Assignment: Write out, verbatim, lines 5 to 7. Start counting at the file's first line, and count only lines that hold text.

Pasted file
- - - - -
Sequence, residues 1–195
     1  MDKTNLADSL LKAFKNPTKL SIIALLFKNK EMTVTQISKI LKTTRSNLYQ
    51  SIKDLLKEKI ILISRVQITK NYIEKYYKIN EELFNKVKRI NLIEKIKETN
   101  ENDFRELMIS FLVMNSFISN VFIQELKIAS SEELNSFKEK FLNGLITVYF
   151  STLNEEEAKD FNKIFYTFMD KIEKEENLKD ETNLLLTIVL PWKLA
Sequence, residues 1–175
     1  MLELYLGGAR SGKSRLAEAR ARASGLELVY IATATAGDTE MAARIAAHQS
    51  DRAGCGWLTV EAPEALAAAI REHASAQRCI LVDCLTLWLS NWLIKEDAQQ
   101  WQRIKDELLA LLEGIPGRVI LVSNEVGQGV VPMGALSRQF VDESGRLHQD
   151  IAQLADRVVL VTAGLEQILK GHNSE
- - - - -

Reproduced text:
   151  STLNEEEAKD FNKIFYTFMD KIEKEENLKD ETNLLLTIVL PWKLA
Sequence, residues 1–175
     1  MLELYLGGAR SGKSRLAEAR ARASGLELVY IATATAGDTE MAARIAAHQS